The Trial Court also found that Mary Berman's second "Second Amended Complaint" was actually an attempted third amended complaint for which leave to file had been neither sought nor granted.  The Court thus held that the second "Second Amended Complaint" had not been properly filed and could not serve as a basis for default.  The September 23, 1992 filing was ordered stricken from the record, and the FSM Supreme Court's motion to set aside entry of default was granted.  Id. at 112-13.

     Finally, reasoning that as Mary Berman was not entitled to damages and had been admitted to the FSM bar, the Trial Court on its own motion dismissed as moot claims 2, 3 and 4 of the first "Second Amended Complaint."  Id. at 113.

Analysis
I.
     Appellant Mary Berman phrases the first issue raised before us as follows: Did the Trial Court err in finding that no motion for leave to file the amended complaint was made?  What the Trial Court actually found in its June 10, 1993, order was that no leave had been granted for the second "Second Amended Complaint" filed by Ms. Berman.  We take that to be the first issue Appellant contests on appeal.

     In support of her position that the Trial Court erred, Appellant recounts to this Court that on June 11, 1992, she filed both a motion to amend her complaint and copy of a "proposed Second Amended Complaint."  She notes that on August 28, 1992, the Court ordered that "the second amended complaint may be duly filed and served."  Appellant then recalls that she duly filed and served a second amended complaint on September 23, 1992, and concludes that the Trial Court was therefore mistaken in holding that no motion for leave to file the second amended complaint was made.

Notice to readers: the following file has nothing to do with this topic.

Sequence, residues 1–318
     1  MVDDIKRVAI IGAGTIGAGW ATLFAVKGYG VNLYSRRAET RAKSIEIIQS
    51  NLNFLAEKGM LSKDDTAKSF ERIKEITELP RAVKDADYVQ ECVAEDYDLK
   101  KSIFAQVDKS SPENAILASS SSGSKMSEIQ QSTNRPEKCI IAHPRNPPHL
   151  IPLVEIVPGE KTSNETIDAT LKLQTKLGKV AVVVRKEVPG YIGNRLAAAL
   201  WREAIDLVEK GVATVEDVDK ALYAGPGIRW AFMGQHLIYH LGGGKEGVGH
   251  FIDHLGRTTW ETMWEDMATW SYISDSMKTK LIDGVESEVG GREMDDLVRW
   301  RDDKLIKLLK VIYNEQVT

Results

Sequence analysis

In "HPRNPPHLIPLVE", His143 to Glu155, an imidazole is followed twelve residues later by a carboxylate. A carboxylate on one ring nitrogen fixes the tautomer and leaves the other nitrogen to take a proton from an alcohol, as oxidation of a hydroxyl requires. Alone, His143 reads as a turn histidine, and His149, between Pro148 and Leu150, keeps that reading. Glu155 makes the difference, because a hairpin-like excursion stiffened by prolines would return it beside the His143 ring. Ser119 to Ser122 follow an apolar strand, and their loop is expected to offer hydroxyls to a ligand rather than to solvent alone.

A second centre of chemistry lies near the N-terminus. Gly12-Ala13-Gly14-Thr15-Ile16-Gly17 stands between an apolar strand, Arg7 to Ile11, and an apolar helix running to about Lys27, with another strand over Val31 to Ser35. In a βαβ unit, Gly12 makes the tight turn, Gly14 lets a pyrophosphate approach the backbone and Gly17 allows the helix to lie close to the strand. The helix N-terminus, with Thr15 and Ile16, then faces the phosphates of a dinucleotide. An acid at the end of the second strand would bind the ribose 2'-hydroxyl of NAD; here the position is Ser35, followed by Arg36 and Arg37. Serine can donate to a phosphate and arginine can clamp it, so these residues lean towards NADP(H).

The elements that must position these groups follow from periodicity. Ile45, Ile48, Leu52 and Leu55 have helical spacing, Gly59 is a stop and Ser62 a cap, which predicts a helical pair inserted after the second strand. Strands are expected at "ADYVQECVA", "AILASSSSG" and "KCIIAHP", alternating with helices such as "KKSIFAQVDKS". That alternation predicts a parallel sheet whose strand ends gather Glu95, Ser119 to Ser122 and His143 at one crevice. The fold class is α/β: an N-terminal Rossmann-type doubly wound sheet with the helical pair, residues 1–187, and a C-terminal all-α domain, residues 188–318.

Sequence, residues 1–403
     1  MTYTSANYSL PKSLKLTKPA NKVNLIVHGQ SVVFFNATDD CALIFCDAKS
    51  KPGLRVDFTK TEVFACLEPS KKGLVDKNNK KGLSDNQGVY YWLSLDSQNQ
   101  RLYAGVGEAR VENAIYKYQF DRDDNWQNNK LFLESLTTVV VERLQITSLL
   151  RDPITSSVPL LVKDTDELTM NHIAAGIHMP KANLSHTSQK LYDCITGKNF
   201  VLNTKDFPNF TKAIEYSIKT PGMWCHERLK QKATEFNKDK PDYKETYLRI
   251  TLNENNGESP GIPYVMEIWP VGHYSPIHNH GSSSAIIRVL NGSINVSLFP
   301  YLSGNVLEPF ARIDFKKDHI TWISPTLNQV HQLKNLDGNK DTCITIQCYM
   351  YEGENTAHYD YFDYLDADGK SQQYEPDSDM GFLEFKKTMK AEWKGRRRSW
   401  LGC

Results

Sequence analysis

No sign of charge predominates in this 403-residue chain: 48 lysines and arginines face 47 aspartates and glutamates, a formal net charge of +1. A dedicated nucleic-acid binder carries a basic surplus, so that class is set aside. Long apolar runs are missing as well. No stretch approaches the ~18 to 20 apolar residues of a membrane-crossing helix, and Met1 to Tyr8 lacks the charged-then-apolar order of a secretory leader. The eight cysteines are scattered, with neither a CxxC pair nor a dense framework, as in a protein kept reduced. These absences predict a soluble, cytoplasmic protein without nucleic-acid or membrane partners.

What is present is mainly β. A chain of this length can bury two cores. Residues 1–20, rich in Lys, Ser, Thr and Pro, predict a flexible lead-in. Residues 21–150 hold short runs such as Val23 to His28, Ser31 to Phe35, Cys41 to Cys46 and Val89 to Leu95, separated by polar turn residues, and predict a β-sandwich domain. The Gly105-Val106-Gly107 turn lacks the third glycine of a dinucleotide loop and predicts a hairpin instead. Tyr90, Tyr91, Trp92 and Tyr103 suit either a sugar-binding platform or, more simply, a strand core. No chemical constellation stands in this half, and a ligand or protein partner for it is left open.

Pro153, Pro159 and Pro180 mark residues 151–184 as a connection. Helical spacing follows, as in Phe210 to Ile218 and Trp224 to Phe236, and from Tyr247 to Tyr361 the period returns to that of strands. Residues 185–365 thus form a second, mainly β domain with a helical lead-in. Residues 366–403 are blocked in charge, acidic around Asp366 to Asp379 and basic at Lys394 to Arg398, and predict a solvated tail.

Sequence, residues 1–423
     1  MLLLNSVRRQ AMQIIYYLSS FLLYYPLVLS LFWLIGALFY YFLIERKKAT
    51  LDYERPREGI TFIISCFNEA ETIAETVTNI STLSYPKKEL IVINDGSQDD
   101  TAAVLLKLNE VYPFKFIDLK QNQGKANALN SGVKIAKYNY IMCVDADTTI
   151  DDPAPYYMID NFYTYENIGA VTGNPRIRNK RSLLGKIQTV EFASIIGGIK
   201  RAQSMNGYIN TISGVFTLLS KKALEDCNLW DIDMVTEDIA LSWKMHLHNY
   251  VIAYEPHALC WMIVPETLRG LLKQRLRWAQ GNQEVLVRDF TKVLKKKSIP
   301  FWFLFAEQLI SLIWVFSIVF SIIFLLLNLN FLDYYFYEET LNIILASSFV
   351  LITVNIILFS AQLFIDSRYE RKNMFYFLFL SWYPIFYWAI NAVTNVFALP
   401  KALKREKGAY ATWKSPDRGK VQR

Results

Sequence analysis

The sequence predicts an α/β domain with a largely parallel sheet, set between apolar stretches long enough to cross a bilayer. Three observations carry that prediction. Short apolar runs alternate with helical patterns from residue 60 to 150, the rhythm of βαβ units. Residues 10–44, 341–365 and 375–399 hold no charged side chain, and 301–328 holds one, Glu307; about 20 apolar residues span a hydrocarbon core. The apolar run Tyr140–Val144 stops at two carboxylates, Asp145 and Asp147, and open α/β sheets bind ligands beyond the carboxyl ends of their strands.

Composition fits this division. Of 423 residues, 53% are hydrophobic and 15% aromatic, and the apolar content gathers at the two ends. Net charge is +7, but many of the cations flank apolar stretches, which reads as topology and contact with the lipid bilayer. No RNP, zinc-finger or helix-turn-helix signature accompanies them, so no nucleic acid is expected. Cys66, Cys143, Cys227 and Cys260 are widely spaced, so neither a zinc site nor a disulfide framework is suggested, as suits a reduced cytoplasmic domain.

Appellant's analysis does not conform to the record of this case.  The record indicates that Appellant did not obtain leave of court for her second "Second Amended Complaint", the one filed on September 23, 1992.  The leave Appellant obtained was for the first "Second Amended Complaint", filed June 11, 1992.

     Appellee in its answer brief points to an error in Appellant's numbering of her amendments.  Indeed, much confusion stems in this case from the existence of two documents bearing the title "Second Amended Complaint." The first accompanied Appellant's June 6, 1993, motion to amend her complaint.  The second was filed on September 23, 1993.  Much of this case turns upon which was the one Justice Benson permitted.

     The motion filed on June 6, 1992, by Appellant specifically asked the Trial Court's permission for "leave to file the attached second amended complaint" (emphasis added).  In granting that motion on August 28, Justice Benson gave Appellant permission to "file and serve the second amended complaint."  We can only assume that in granting Appellant's specifically worded request he meant to give Appellant permission to file the "Second Amended Complaint" she had submitted with her June 6th motion.

[7 FSM Intrm. 15]

     Justice Benson's September 7, 1992, Statement of Disqualification leaves no doubt that his permission to amend Appellant's complaint pertained specifically to the document filed June 6, 1992:

     I am disqualified as to proceedings concerning the second, third, and fourth causes of action set forth in the second amended complaint.

     These words show that Justice Benson viewed the June 6th filing as the amendment he permitted.  On September 7 the only second amended complaint Justice Benson could have referred to was that of June 6.  The September 23, 1992 filing, which Appellant views as the proper second amended complaint, had not yet been made.